– In addition to the $5 million that you mentioned, a further $5 million has to be provided as a deposit meaning that the total sum equals $10 million. This is around 700 million rubles. The Russian Olympic Committee in this case cannot help financially. We have already allocated around 500 million rubles for additional training of athletes in summer sports. In order to provide the above sum to RusAF, we would have to withdraw funding from all federations and find another 200 million rubles to foot the bill from World Athletics.

I must mention that one of the most important achievements of sports diplomacy in recent years was connected with track-and-field athletics. What I mean is the fact that we achieved the right for Russian athletes to compete in competitions held under the auspices of the IOC as full representatives of the Russian Olympic team, not as neutral status athletes. There were many discussions held in this regard, but we were able to prove the validity of our position, and the IOC agreed with us.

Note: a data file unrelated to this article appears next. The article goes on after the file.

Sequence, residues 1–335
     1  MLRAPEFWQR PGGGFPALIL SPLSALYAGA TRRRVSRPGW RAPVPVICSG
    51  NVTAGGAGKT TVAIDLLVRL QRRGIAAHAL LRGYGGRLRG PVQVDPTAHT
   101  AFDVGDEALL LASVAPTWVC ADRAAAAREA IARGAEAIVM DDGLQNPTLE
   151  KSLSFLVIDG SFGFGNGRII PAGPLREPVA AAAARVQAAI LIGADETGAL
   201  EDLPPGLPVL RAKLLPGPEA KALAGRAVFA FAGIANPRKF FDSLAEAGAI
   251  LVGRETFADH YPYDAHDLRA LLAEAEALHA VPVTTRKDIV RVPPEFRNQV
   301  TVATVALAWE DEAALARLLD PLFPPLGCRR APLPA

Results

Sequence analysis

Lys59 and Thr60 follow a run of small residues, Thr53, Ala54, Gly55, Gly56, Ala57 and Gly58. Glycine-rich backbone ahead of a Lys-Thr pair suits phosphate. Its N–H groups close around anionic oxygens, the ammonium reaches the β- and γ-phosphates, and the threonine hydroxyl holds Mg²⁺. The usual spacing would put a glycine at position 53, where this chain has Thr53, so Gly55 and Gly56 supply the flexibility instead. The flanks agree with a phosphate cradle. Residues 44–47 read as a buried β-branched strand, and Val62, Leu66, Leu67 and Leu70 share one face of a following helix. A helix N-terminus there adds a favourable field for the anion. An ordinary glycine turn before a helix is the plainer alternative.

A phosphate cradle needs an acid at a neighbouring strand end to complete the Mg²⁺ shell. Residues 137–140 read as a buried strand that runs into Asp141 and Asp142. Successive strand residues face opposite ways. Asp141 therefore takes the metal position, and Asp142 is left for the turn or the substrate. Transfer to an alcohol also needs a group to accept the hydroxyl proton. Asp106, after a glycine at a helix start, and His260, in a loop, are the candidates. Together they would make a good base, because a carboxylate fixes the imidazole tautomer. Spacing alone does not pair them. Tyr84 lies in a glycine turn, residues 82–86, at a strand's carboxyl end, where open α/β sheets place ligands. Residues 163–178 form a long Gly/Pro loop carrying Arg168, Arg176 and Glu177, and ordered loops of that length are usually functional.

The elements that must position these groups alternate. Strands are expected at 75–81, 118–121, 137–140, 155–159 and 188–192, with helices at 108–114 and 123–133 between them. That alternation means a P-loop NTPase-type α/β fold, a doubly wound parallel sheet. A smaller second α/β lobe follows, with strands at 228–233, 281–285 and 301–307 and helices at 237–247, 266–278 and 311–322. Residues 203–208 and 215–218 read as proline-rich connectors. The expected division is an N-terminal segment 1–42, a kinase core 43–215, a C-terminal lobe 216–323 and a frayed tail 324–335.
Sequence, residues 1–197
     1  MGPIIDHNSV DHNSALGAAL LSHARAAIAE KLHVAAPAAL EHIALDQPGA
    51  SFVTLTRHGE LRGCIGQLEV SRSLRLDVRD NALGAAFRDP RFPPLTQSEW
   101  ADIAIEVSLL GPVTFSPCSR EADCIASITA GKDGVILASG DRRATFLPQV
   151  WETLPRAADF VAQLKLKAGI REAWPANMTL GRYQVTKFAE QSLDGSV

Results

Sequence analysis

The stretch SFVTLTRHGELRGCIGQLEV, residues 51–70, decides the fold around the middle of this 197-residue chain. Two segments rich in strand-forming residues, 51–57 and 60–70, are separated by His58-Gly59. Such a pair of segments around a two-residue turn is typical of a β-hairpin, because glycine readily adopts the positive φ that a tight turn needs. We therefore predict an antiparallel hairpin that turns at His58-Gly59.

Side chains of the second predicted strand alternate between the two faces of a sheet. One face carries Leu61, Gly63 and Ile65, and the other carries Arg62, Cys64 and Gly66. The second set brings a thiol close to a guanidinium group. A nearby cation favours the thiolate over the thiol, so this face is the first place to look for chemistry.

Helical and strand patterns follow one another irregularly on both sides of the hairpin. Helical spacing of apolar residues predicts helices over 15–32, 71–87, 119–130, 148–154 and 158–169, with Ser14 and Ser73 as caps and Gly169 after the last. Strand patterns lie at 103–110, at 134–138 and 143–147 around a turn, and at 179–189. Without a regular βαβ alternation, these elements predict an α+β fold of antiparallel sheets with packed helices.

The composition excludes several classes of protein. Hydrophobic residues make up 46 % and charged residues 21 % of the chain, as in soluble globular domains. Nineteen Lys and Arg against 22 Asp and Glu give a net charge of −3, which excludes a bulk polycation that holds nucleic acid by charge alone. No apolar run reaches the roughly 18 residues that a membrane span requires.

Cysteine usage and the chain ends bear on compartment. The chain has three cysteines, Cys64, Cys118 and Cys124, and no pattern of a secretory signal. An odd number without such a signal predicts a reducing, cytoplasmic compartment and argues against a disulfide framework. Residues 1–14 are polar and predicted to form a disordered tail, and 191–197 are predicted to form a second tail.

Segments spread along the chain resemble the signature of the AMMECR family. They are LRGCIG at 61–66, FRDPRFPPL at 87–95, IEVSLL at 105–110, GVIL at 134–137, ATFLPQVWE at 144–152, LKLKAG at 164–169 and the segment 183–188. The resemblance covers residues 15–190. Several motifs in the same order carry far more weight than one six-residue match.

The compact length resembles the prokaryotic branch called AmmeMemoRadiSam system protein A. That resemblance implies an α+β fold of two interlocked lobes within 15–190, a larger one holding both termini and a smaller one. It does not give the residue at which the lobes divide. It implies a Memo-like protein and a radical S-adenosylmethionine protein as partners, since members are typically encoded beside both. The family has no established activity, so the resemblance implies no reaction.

Now World Athletics insists that we pay $10 million for 10 Russian athletes allowed to compete as neutrals before the Games, so that afterwards they can go to the Olympics. This means

$1 million per athlete. In my opinion, this is quite a big… challenge. I think that is all I will say in this respect. Moreover, this is not only a challenge for Russian athletics, but also to the entire Olympic movement because it is extremely difficult to agree to such conditions. I will explain why.

Any violation that is committed in a particular federation requires some kind of penalty – this is quite understandable. But today we clearly see how international federations are losing funds for various reasons. Sponsors are abandoning them and there are no opportunities for commercial activities.